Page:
• Good insights Sandra. Trust isn’t a one size fits all situation. We need to use wisdom and good judgment about who we trust and what we trust them with.

        Thanks for adding to the discussion.

        Randy

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    • That is very true but often times the damage is so great that the inability to trust has gone from a conscious to a subconscious problem. In that case it is not so simple as just deciding to trust. If it was was believe me I would be trusting again in a heartbeat. In those cases it takes therapy and time to rebuild the inner world so someone regains the ability to trust.

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      • Honestly, I think part of the problem is that there are some people who should NOT be trusted for some things. The key is to learn who you can trust for what and to set boundaries or even leave so you are not in harms way of someone who should not be trusted. The challenge is trying to figure out who you can trust. I think a major reason some of us have sustained such damage is because we were in harms way for an extended period of time. Maybe, we were too young to do anything about it. Maybe, we were too scared or too financially dependent to leave an abusive or unfaithful partner. So, now, we have deep physical and/or emotional wounds. I find it a lot easier to trust when I know I can leave immediately if the person places me in harms way.

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  2. Randy- most people would be hard pressed to name 5 people they trust. This may have no bearing on their propensity to trust. Perhaps not enough folks:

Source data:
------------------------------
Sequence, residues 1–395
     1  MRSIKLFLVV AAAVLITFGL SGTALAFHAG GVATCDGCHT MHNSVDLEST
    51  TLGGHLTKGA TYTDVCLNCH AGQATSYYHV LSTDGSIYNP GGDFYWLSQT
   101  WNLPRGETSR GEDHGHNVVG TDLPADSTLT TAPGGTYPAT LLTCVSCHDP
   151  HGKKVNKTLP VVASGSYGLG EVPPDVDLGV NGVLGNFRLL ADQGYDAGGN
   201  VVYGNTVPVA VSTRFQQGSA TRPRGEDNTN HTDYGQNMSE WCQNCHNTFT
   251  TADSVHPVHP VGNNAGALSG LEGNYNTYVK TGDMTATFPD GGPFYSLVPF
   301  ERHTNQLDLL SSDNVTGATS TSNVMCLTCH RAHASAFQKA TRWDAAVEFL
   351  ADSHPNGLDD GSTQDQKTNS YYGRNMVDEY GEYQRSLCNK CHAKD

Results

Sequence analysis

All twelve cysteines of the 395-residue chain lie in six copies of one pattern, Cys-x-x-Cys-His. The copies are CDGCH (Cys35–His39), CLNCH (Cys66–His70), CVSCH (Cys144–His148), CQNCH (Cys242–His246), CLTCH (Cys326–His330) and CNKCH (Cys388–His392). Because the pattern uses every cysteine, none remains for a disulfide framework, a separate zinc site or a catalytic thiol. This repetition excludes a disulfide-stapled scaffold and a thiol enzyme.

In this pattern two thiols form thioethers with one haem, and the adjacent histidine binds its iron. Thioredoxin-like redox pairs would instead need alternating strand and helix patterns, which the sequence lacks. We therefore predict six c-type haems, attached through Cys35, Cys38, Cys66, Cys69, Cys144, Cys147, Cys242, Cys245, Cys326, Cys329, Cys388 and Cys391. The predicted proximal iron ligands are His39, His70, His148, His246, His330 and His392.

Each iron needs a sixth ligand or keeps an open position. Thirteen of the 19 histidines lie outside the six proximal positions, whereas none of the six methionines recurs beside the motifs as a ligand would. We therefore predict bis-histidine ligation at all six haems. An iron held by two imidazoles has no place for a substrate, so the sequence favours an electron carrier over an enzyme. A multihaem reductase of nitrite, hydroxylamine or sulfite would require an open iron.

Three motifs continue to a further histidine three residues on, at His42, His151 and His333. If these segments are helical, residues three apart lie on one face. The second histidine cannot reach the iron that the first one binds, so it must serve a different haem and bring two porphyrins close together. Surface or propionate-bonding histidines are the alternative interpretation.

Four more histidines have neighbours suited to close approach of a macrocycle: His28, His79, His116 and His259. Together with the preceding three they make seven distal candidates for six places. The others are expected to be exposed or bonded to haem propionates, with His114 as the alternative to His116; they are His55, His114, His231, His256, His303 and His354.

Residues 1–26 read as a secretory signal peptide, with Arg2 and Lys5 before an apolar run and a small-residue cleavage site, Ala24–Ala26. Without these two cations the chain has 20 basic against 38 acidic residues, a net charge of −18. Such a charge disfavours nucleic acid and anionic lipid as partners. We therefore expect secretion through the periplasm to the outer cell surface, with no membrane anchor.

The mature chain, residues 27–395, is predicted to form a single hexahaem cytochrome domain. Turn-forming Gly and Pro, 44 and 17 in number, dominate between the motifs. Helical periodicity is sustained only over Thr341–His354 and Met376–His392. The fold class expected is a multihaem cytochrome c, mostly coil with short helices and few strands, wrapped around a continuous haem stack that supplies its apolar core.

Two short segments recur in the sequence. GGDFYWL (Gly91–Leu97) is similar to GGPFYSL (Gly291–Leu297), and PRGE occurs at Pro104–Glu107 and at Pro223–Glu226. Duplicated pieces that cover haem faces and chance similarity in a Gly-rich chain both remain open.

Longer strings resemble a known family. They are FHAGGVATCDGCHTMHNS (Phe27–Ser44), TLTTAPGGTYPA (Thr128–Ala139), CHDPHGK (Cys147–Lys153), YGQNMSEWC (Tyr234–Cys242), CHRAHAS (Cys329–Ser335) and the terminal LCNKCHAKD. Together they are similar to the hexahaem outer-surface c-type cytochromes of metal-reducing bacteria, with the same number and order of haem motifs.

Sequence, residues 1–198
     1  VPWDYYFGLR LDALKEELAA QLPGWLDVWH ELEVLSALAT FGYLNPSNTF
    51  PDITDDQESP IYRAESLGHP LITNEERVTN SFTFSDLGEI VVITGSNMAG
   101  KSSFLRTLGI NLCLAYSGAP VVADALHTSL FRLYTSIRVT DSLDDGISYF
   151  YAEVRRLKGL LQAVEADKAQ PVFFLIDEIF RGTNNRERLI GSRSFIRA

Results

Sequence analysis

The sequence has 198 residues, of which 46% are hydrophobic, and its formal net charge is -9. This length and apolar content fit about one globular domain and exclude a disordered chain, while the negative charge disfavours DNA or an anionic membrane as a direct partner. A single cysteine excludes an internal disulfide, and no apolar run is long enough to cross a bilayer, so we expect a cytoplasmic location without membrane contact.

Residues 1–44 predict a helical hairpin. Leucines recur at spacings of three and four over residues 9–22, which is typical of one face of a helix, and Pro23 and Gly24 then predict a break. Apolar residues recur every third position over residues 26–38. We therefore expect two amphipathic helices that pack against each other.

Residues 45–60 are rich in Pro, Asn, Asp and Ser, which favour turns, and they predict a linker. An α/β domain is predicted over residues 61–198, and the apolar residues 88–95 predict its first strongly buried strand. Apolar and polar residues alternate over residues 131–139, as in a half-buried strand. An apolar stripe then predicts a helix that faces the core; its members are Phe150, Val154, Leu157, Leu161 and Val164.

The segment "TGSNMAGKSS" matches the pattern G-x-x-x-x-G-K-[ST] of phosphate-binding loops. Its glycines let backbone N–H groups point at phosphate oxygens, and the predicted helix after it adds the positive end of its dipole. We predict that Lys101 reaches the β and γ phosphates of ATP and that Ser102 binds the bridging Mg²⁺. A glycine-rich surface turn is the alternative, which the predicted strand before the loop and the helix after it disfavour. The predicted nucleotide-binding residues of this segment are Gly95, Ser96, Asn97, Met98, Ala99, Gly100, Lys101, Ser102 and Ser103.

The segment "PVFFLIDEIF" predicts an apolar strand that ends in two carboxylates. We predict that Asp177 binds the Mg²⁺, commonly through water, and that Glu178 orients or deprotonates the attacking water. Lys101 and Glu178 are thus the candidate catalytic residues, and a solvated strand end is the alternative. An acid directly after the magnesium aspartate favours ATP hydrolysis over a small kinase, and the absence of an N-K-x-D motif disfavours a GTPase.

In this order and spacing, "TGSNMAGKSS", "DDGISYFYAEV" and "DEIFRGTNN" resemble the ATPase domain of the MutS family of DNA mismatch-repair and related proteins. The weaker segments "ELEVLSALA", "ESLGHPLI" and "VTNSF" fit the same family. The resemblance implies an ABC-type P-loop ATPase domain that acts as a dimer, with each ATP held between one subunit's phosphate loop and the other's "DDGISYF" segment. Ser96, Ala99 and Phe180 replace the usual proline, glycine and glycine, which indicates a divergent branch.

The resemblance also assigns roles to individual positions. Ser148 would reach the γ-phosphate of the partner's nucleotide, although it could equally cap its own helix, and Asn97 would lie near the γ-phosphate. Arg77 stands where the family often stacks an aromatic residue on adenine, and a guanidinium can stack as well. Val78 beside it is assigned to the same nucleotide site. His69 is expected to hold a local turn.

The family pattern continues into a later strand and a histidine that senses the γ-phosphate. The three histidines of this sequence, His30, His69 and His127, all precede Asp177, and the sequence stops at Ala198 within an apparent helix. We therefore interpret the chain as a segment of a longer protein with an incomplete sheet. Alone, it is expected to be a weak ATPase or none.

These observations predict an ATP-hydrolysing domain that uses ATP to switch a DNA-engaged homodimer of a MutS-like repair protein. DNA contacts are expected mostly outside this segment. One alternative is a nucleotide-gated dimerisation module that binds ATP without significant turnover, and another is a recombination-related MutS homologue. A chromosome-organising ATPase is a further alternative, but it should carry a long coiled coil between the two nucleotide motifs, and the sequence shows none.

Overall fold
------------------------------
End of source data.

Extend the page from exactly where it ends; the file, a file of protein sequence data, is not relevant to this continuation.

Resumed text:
1. Keep their promises
    2. Do what they say they will do
    3. Put integrity before greed.

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    • Good point Barbara! Actions definitely speak louder than words when it comes to building trust.

      Thank you for taking the time to comment,

      Randy

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    • I concur Barbara. Generally, I give people a chance to show me who they are. Once they violate trust it creates barriers, that are hard to overcome. Often those barriers remain because the culprits do not consider it urgent to burden themselves to follow a plan of action to rebuild trust or mend their relationships. They do not heal nor do they heal others.Consequently, they repeat their untrustworthy ways going forward.

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  3. A very good article on why it is so difficult to trust people.I think we are also inhibited by our biases in trusting people.These biases are built by our immediate environment,the people around on whom we depend for our opinion about others.In the process,we become judgemental,as a result we don’t understand the beauty of the process of building up trust with a person.Low propensity to trust is a vital factor,as your rightly mention.Erosion of trust is now a global phenomena,and your article is timely.
    Sanjay Verma
    http://trust-is-the-key-sanjay-verma.blogspot.in/

    Liked by 1 person

    • Sanjay – Thank you for your comments. Erosion of trust is a global epidemic and it’s up to each of us to be trustworthy leaders and individuals to help turn the tide. Thank you for taking the time to add to the discussion.

      Randy

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  4. Reblogged this on and commented:
    “You may not be able to control what happens to you, but you can control what happens within you.” Sue Augustine #leadership